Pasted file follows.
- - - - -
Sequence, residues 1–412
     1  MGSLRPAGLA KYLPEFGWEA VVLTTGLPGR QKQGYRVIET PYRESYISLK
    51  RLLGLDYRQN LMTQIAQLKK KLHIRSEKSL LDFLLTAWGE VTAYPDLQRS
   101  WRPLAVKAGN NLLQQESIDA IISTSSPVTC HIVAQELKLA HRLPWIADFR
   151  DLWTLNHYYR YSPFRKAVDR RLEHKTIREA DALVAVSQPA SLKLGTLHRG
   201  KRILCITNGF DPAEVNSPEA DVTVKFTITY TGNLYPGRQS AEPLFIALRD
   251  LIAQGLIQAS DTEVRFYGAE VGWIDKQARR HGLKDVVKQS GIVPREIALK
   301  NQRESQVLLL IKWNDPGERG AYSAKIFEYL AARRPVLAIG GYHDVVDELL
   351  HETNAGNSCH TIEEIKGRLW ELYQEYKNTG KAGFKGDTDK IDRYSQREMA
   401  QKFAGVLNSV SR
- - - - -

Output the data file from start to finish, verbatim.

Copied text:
Sequence, residues 1–412
     1  MGSLRPAGLA KYLPEFGWEA VVLTTGLPGR QKQGYRVIET PYRESYISLK
    51  RLLGLDYRQN LMTQIAQLKK KLHIRSEKSL LDFLLTAWGE VTAYPDLQRS
   101  WRPLAVKAGN NLLQQESIDA IISTSSPVTC HIVAQELKLA HRLPWIADFR
   151  DLWTLNHYYR YSPFRKAVDR RLEHKTIREA DALVAVSQPA SLKLGTLHRG
   201  KRILCITNGF DPAEVNSPEA DVTVKFTITY TGNLYPGRQS AEPLFIALRD
   251  LIAQGLIQAS DTEVRFYGAE VGWIDKQARR HGLKDVVKQS GIVPREIALK
   301  NQRESQVLLL IKWNDPGERG AYSAKIFEYL AARRPVLAIG GYHDVVDELL
   351  HETNAGNSCH TIEEIKGRLW ELYQEYKNTG KAGFKGDTDK IDRYSQREMA
   401  QKFAGVLNSV SR